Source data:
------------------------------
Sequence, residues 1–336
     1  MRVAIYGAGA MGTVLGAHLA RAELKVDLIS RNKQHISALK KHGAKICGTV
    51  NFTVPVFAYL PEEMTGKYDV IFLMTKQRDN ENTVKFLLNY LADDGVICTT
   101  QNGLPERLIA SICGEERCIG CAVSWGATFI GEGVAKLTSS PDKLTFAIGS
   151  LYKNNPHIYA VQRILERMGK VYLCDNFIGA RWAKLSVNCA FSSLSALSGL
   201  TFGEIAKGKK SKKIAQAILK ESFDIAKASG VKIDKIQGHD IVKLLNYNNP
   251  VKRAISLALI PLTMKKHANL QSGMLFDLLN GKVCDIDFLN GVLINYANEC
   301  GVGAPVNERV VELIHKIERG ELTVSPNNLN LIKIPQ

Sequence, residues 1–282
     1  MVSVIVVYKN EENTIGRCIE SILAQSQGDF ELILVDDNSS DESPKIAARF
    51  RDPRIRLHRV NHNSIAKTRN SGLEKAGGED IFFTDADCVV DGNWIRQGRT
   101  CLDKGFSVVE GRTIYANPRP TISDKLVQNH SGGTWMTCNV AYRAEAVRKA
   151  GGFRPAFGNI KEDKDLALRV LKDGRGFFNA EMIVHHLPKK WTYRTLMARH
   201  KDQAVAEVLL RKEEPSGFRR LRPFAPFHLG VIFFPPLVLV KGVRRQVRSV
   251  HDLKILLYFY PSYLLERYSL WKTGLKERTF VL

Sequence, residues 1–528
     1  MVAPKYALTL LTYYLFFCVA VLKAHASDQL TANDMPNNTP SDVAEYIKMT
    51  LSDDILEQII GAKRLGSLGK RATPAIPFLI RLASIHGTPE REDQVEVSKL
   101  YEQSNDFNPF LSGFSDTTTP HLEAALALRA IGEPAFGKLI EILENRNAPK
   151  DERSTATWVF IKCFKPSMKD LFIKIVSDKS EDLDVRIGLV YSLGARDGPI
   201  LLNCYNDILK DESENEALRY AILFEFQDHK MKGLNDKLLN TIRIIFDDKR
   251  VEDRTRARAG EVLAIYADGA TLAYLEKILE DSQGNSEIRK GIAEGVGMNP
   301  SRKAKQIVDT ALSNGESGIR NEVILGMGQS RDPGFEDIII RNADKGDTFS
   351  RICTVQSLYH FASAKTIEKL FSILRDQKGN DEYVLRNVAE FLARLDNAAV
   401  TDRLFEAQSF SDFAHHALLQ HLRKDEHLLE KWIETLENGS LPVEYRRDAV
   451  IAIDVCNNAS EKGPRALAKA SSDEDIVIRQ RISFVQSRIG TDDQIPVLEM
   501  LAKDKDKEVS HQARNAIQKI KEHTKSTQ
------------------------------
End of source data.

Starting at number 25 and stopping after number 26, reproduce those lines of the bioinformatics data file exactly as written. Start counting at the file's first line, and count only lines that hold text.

   401  TDRLFEAQSF SDFAHHALLQ HLRKDEHLLE KWIETLENGS LPVEYRRDAV
   451  IAIDVCNNAS EKGPRALAKA SSDEDIVIRQ RISFVQSRIG TDDQIPVLEM